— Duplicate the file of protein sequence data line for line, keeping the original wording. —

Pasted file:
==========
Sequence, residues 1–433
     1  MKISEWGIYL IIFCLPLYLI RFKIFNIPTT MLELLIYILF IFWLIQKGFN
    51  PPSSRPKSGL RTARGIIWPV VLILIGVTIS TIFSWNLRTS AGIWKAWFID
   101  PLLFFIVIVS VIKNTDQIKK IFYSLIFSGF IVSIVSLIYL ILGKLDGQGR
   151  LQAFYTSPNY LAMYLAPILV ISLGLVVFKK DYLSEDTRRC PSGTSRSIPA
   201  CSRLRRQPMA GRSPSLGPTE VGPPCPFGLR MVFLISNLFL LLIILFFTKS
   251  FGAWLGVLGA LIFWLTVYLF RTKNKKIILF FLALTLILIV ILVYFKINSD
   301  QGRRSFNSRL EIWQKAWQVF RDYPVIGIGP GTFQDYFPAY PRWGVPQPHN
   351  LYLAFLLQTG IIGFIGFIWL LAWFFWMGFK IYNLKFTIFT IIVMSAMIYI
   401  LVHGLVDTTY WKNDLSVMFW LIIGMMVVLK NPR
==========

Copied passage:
Sequence, residues 1–433
     1  MKISEWGIYL IIFCLPLYLI RFKIFNIPTT MLELLIYILF IFWLIQKGFN
    51  PPSSRPKSGL RTARGIIWPV VLILIGVTIS TIFSWNLRTS AGIWKAWFID
   101  PLLFFIVIVS VIKNTDQIKK IFYSLIFSGF IVSIVSLIYL ILGKLDGQGR
   151  LQAFYTSPNY LAMYLAPILV ISLGLVVFKK DYLSEDTRRC PSGTSRSIPA
   201  CSRLRRQPMA GRSPSLGPTE VGPPCPFGLR MVFLISNLFL LLIILFFTKS
   251  FGAWLGVLGA LIFWLTVYLF RTKNKKIILF FLALTLILIV ILVYFKINSD
   301  QGRRSFNSRL EIWQKAWQVF RDYPVIGIGP GTFQDYFPAY PRWGVPQPHN
   351  LYLAFLLQTG IIGFIGFIWL LAWFFWMGFK IYNLKFTIFT IIVMSAMIYI
   401  LVHGLVDTTY WKNDLSVMFW LIIGMMVVLK NPR